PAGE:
Thursday, August 17, 2006

Israel & Lebanon War: By The Numbers


• Deaths: 157 total — 118 soldiers and 39 civilians.

• Wounded: 860.

• Number of buildings destroyed: no official figures, but tax authorities report more than 6,000 claims for damaged buildings and more are expected as displaced people return home.

• Number of strikes: 3970 Hezbollah rockets, 901 of them inside cities.

• Number of displaced people: 300,000.

• There were no school days lost because they were not in session.

• Many businesses in the north of the country were closed throughout the war. No specific figures were available.

• Tourism: $80 million of lost revenue during the war, many hundreds of millions in projected losses in the future months because of the war.

• Damage to transportation system: Not immediately available.

• Overall damage: Media reports say about $3 billion in damages and lost revenue, but do not give a source for that estimate. Israeli Finance Minister Avraham Hirschon could give no precise figure but said it would be "many billions."

• Access to water and electricity: Isolated water and electricity lines hit; repairs made within 48 hours.



• Deaths: 845 total — 743 civilians, 34 soldiers and 68 Hezbollah. Israel says it killed about 530 guerrillas. The Higher Relief Council put the overall death toll at 1,181 and said one-third were children and the majority were civilians.

• Wounded: 4,051.

• Number of buildings destroyed: More than 15,000 homes — houses or individual apartments within buildings. About 900 commercial structures, including farms and factories.

• Number of strikes: Lebanese officials reported, unofficially, more than 4,500 Israeli bombing raids on Lebanon. Israel would provide no figures of the number of its strikes in Lebanon.

• Number of displaced people: 916,000, or about one-fourth of the population.

• There were no school days lost because they were not in session.

• Figures on business days lost were not available, but up to 75 percent of the people were unemployed or unable to work because of fighting or gasoline shortages.

• Tourism: Hundreds of millions of dollars in lost revenue and repairs to facilities, but no specific figure available.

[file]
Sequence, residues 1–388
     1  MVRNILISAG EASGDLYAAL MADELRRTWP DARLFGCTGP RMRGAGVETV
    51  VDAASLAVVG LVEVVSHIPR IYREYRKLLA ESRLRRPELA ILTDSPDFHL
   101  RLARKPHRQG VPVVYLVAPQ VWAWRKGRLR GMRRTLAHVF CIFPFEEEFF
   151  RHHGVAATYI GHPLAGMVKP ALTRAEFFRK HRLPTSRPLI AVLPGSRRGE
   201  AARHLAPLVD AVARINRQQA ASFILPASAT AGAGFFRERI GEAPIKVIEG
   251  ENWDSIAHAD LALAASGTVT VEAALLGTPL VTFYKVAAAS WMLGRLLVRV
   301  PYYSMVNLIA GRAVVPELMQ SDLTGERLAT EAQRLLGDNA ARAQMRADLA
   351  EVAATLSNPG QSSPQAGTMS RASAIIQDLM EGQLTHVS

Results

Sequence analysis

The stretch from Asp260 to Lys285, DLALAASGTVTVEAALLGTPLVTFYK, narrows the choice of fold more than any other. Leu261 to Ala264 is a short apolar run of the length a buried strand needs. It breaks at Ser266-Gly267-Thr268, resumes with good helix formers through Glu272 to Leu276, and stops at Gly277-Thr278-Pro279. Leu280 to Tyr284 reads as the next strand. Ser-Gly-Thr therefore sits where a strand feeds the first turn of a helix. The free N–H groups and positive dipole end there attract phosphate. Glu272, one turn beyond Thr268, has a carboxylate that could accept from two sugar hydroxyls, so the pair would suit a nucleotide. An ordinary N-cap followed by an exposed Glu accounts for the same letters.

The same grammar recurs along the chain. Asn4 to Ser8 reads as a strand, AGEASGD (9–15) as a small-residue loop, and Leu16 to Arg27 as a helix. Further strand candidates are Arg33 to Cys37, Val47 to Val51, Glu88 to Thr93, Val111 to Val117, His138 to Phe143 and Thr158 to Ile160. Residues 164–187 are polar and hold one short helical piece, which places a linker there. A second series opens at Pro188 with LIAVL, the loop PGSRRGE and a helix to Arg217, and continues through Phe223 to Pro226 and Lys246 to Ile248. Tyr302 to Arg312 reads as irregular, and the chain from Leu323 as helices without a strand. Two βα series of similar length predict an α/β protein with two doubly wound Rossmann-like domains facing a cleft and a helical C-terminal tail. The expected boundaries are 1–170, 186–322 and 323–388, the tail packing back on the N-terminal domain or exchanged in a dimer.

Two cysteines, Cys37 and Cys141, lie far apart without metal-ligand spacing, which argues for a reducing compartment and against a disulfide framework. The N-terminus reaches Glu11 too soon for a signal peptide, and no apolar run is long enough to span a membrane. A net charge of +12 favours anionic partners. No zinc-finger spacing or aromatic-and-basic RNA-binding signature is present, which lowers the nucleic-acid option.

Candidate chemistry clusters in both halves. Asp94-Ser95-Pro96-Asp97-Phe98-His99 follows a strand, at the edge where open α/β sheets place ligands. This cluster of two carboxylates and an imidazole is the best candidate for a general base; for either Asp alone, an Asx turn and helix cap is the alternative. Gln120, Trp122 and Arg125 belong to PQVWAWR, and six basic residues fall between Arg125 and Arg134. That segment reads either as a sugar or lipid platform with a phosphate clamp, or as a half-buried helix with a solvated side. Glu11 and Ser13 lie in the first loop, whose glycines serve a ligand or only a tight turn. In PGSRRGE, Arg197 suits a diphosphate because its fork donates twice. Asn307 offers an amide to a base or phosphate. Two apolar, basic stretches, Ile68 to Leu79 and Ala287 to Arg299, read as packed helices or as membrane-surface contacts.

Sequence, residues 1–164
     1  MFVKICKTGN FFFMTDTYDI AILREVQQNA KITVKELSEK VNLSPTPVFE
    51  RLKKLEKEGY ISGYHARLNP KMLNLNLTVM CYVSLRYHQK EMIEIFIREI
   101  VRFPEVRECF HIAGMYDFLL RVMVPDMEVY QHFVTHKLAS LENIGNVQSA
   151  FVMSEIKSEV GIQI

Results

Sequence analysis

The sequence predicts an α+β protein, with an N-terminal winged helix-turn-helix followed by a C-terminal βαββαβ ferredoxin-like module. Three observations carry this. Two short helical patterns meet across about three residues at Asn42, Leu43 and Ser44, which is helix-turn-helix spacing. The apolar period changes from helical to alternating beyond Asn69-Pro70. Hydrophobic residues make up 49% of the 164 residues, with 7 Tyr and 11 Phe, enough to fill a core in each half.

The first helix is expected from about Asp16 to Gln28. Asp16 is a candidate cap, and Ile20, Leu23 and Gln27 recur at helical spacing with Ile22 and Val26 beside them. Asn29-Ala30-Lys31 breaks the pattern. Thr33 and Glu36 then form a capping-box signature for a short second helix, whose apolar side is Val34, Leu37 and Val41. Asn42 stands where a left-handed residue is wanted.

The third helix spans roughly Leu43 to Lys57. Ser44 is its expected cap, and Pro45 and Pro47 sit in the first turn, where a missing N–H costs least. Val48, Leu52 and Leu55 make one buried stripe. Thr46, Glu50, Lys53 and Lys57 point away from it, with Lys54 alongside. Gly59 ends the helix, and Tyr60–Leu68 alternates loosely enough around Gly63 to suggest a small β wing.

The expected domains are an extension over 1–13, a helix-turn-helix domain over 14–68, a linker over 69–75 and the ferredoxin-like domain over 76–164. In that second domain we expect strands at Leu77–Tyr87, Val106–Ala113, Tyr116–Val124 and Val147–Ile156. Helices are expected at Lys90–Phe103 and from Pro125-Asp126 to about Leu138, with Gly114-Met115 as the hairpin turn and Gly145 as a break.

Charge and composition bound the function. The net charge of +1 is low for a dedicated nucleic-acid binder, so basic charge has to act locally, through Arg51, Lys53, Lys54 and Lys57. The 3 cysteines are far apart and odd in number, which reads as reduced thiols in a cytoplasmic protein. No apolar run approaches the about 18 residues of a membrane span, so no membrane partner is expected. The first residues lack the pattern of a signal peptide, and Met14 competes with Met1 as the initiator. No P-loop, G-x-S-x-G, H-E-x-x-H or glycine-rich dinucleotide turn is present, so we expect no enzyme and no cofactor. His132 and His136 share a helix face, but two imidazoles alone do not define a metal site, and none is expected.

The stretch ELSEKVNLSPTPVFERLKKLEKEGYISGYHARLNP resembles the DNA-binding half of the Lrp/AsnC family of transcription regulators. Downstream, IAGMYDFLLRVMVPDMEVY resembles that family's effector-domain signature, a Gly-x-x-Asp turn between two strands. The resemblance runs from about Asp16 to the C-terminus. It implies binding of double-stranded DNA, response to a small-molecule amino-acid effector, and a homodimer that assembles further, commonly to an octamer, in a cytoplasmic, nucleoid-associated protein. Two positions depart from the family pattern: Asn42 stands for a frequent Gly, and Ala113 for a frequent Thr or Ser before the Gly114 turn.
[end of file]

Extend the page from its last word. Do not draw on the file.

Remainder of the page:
• Damage to transportation system: 400 miles of roads; 80 bridges; the international airport.

• Overall damage: At least $3.5 billion to infrastructure; $9.4 billion overall, including clean up of a major oil spill from an Israeli strike on a storage facility at a Beirut power plant.

• Access to water and electricity was severely interrupted. About $180 million in damage to the electricity grid; $70 million to the water treatment and delivery system.

source: Associated Press


At 7:23 PM, Blogger Twosret said...

Whisper of Madness is a must with a cup of coffee every morning now.

At 9:14 PM, Blogger D.B. Shobrawy said...

Sounds like an advertisment.

At 8:51 AM, Blogger Twosret said...

Didn't mean it to be that way, but I like the posts :)

At 8:56 AM, Anonymous Anonymous said...

I suspect a bit of context is required for interpreting the numbers.

Citing economic damage is always misleading, it obscures that there may be greater damage to a poorer neighborhood than a richer, and quite possibly the poorer neighborhood will be even less able to sustain the damage.

But are the numbers themselves even equivalent?

Are Israelis who are displaced equivalent to Lebanese who are displaced? Is the displacement temporary, do they have liveable homes to return to? Are there services available, either in their places of refuge or once they return? Are there supplies of food, water, and medicine available? What sort of damage to one's home or business was sustained? Are there lingering dangers, unexploded ordnance for example. Are the physical injuries reported as casualties even equivalent?

Obviously for the individual involved such questions are of little relevance. But in presenting the costs incurred for either "side" in this war they are quite relevant, and for the article not to present them falls somewhere between negligent and propagandistic.


At 10:10 PM, Blogger Miss Carnivorous said...

Anon is right. Stats are just surface stuff. Besides how can they come up with these figures so soon? It boggles the mind.

At 12:44 AM, Blogger D.B. Shobrawy said...

Trust me Miss C, If the Department of Defense can come up with the names and pictures of 19 hijackers on September 12th 2001, then it isnt that hard to figure out how much it will cost to replace a building that isnt there anymore. Right, I think thats obvious.

At 6:42 PM, Blogger Miss Carnivorous said...

Yes but every time we have a bridge project it is never on schedule and always over budget!

At 6:43 PM, Blogger Miss Carnivorous said...

Think of all the downed bridges in Lebanon, they may all go over budget. Or maybe Hizballah can keep a tighter rein on the projects than most state and city governments.


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